Kad neliktų užmarštyje kai kurie praėjusio šimtmečio faktai, tikslinga juos priminti, pateikiant trumpą lietuvių kalbos dėstymo apžvalgą Italijos universitetuose, ypač akcentuojant lygiai prieš keturiasdešimt metų prasidėjusį etapą, kuriame po pasyvaus lietuvių kalbos mokymosi iš knygų ji ėmė gyvai skambėti Milano katalikų universiteto auditorijose. Vėliau lietuvių kalba pradėta dėstyti kaip baltų filologijos kursų sudedamoji dalis Florencijos ir Pizos universitetuose, o nuo 2005 m. Parmos univesitete ji dėstoma kaip savarankiška disciplina.
The article analyzes the links between the hymnals of Prussian Lithuanians (M. Mažvydas, B. Vilentas, A. F. Šimelpenigis and others) and local German publications until 1750. It is assumed that the Prussian Lithuanians prepared their official hymns by using books relied on indigenous Germans. The main conclusion was that Prussia and all diferent national groups had a common treasure of hymns, which could be freely adjusted and supplemented.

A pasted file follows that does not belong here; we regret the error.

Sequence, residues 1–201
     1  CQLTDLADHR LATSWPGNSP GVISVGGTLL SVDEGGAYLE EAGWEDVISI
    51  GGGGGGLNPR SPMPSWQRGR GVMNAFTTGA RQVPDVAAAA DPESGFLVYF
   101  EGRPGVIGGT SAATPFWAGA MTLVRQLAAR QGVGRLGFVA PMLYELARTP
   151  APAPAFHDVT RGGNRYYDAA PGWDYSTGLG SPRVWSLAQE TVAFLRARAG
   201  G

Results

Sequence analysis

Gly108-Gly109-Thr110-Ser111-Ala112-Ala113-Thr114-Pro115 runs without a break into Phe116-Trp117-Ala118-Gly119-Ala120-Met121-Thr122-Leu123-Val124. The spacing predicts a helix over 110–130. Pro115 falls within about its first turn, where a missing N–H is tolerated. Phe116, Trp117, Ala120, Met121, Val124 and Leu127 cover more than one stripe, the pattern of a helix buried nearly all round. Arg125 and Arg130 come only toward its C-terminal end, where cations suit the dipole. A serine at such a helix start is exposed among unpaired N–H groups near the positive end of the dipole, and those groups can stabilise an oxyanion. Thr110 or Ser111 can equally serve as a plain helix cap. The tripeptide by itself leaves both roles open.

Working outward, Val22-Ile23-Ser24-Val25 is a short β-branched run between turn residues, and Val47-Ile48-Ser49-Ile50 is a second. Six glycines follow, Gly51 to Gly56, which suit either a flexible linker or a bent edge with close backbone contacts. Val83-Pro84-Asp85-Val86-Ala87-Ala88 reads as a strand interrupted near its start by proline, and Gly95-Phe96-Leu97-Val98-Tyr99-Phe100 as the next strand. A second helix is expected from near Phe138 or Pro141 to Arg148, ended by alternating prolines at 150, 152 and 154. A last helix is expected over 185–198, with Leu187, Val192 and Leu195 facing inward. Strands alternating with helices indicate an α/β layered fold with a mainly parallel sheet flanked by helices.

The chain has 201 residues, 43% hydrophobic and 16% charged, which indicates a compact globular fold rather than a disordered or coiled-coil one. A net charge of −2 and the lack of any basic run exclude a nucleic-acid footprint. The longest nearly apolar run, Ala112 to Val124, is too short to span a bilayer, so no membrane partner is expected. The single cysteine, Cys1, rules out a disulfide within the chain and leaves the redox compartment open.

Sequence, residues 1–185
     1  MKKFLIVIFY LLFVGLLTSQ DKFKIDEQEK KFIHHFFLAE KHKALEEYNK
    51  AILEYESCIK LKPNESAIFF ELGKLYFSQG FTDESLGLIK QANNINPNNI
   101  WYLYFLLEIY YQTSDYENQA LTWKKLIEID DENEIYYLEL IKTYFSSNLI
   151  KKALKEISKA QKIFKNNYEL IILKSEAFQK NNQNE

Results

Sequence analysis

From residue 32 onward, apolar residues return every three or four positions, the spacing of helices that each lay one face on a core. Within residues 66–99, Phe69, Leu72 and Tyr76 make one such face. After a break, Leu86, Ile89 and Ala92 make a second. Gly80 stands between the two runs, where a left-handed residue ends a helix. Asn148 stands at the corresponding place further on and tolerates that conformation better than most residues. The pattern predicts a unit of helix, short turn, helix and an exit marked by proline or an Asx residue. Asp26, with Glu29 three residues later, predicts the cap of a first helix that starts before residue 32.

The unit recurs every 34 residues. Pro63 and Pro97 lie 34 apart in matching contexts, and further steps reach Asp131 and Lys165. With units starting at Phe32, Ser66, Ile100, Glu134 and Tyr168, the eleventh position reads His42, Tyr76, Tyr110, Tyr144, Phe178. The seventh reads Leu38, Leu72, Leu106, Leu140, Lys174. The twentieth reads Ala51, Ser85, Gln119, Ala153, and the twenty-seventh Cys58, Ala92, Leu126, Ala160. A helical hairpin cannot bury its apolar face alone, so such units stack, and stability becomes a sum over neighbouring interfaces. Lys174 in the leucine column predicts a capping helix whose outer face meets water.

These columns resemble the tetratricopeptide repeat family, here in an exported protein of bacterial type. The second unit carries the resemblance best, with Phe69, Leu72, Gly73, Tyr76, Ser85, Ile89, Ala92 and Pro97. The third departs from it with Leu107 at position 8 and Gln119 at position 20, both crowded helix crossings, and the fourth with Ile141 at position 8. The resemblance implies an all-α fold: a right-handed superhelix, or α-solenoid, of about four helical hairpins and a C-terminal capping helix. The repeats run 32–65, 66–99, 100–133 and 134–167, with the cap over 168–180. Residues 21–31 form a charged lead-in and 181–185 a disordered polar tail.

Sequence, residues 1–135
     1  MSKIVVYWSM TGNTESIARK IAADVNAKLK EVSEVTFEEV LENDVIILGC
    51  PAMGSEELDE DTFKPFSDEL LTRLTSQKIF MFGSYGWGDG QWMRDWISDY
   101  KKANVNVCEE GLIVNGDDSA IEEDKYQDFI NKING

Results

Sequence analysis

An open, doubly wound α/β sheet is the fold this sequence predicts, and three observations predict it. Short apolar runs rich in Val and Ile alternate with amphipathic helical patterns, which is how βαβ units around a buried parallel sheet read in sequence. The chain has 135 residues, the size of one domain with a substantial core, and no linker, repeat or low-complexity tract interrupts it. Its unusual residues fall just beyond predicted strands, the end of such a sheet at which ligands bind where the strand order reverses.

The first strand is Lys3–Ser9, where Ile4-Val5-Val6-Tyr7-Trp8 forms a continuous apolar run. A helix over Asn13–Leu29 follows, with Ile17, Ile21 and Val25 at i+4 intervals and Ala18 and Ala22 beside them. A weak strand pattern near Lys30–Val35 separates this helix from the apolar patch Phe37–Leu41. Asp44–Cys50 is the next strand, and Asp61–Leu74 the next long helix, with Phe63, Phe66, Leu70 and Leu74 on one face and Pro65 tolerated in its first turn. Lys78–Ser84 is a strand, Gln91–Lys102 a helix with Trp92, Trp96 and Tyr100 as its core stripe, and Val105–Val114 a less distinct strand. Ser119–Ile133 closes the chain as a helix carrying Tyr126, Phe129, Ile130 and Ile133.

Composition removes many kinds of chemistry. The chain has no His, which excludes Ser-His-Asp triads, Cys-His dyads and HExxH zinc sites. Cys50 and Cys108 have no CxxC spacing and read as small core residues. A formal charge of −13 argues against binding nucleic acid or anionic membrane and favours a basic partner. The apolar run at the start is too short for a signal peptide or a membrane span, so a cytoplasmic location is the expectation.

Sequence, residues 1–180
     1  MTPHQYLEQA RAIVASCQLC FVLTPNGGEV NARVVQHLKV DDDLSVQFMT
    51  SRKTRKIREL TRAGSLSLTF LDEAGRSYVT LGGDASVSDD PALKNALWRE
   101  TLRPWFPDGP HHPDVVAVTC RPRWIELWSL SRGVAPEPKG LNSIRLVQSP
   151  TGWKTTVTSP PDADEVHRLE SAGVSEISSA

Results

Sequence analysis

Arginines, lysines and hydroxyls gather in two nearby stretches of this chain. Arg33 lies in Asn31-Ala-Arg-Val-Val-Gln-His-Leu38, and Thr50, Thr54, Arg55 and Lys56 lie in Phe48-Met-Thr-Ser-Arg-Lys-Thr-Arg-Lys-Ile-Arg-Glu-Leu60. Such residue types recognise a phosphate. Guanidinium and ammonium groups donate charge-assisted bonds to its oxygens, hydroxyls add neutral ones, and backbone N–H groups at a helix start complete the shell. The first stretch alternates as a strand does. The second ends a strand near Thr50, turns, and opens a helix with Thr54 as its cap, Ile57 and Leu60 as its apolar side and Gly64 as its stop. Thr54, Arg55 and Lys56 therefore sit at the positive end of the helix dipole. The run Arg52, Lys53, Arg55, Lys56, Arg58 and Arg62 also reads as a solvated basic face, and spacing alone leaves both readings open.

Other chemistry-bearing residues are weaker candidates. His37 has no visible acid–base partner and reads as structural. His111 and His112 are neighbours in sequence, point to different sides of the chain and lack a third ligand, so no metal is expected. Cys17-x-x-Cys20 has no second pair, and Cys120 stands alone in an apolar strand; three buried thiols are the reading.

Kristijonas Donelaitis (1714-1780), who was born and lived in Prussian Lithuania, was a Lutheran priest, therefore, it was not surprising that his poem “The Seasons”, as it was observed a long time ago, reflected the Lutheran ideology prevailing in Prussia at that time. To date, the links of Donelaitis’ poetry with the that time hymnals of Prussian Lithuania have not been paid sufficient attention to, although the texts of a high artistic level published in the hymnals, mainly translated from the German originals, were bound to contribute to the mature poetic expression demonstrated in the writing of the poem to be considered the first masterpiece of the Lithuanian belles lettres. The issue was raised in the monograph by L. Gineitis “Kristijonas Donelaitis ir jo epocha” [Kristijonas Donelaitis and his Epoch], however, the author did not indicate the particular hymnals by means of which Donelaitis could have become acquainted with the church hymns that influenced his poetic imagination. That is understandable, since, during the Soviet times. Some important hymnals stored in the foreign libraries were unknown to, or unavailable to, Lithuanian scholars.